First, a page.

PIE – The audit reform that could catch out hundreds of businesses
The Government is currently considering various ways of reforming the UK’s audit system, including definitions for businesses that require a statutory audit.
As part of this, the Department for Business, Energy and Industrial Strategy (BEIS) has released a new whitepaper, which asks questions about what organisations should be classified as a Public Interest Entity (PIE) and whether they should be subject to regular audits.
Currently, the definition of a Public Interest Entity (PIE), according to the revised Statutory Audit Directive (SAD), is as follows:
- Entities governed by the law of an EU Member State whose transferable securities are admitted to trading on a regulated market of any Member State;
- Credit institutions;
- Insurance undertakings; or
- Entities designated by Member States as public-interest entities, for instance, undertakings that are of significant public relevance because of the nature of their business, their size or the number of their employees; incidentally, application of this fourth criterion varies significantly across Member States.
This definition was agreed as part of an EU directive, which has remained relatively unchanged for more than a decade. Now that the UK has left the EU it is looking at ways it can reform audit regulations.
PIEs and how they are defined are, therefore, an essential part of the Government proposals for corporate governance and audit reform as it determines which entities are included in it.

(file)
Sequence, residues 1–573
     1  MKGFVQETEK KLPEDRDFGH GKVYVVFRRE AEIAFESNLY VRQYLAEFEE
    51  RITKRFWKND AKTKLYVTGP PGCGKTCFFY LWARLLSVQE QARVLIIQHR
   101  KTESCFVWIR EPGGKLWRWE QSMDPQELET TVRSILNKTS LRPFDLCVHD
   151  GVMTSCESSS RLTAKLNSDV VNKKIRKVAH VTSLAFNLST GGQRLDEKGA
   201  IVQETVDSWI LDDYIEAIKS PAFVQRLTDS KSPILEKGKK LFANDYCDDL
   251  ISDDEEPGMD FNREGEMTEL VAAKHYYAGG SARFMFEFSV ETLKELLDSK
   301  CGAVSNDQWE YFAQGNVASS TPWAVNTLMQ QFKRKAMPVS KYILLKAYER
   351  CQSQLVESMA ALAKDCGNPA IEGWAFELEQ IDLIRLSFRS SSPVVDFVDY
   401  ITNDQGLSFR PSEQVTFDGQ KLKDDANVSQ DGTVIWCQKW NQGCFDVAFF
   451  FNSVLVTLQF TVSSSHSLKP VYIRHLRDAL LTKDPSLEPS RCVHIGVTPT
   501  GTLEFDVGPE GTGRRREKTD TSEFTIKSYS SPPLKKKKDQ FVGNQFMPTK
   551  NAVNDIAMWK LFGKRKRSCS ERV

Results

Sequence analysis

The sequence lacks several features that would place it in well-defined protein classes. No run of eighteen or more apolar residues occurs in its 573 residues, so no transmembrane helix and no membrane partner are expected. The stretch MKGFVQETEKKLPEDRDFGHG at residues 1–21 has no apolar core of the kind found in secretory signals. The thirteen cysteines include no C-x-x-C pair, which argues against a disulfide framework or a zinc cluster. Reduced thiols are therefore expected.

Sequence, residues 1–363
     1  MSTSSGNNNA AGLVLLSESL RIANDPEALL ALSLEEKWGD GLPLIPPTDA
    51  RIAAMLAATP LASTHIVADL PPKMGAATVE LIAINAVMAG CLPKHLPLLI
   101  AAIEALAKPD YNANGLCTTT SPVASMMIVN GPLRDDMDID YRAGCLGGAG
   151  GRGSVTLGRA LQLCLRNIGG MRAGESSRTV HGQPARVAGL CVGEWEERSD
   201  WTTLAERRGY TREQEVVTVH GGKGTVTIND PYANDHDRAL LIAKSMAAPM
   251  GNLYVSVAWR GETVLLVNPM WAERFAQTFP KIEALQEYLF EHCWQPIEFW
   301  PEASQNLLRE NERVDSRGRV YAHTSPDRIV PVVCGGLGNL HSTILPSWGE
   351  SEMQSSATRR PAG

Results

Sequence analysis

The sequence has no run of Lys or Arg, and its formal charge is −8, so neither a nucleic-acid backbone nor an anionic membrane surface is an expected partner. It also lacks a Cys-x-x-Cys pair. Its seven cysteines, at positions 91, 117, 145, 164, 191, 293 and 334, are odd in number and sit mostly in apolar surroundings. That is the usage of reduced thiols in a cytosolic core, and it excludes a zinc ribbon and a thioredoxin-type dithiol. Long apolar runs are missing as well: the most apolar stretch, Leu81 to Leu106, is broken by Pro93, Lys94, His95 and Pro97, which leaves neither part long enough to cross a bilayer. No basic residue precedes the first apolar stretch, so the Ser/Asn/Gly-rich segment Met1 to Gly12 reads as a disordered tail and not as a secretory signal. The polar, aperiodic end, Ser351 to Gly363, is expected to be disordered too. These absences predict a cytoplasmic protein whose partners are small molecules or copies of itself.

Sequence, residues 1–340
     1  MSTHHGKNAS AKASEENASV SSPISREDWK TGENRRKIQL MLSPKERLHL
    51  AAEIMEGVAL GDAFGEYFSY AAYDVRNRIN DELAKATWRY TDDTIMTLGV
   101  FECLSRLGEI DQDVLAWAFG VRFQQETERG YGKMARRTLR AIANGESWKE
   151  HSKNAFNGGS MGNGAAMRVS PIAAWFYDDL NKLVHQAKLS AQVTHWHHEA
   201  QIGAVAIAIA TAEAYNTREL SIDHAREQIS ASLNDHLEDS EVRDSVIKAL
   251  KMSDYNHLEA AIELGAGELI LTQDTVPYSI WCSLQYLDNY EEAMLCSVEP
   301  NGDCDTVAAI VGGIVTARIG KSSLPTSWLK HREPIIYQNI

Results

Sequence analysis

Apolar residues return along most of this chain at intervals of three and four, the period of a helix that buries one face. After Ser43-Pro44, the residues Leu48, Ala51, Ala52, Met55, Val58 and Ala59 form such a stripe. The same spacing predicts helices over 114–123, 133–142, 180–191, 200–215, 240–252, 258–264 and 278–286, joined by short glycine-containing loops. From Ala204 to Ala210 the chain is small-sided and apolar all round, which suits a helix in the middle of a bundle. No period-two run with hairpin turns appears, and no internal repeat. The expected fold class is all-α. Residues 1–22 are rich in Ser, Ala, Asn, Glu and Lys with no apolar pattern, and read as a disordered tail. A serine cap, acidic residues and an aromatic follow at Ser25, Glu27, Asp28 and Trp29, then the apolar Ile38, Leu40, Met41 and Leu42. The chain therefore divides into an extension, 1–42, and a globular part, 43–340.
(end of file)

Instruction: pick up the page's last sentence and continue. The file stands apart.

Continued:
Within the BEIS paper, it outlines new recommendations which could, if implemented, more than double the number of PIEs while also extending the regulations to which they must conform.
The BEIS has given three prospective options to broaden the scope of PIE classification. These are:
- Private companies with more than 2,000 employees or a turnover higher than £200m and a balance sheet above £2 billion
- Private companies with over 500 employees and a turnover of more than £500 million
- AIM businesses with market capitalisation over €200 million.
The report also asks whether universities and charities should be brought into the scope of audit as well, considering the potential detrimental impacts should such organisations collapse.
Extending the definition of a PIE could have a considerable impact on many businesses that have previously not had to undertake an audit by law.
Although the Government is yet to confirm which approach it intends to finally take, businesses should remain aware of the ongoing reforms to audit so that they can access help should they need it.
If you are looking for advice on audits, please contact your Seymour Taylor representative today or email email@example.com or call 01494552100.
This blog is for guidance only, professional advice should be obtained before acting on any information contained herein. The information was correct at the time of publishing 1 October 2021.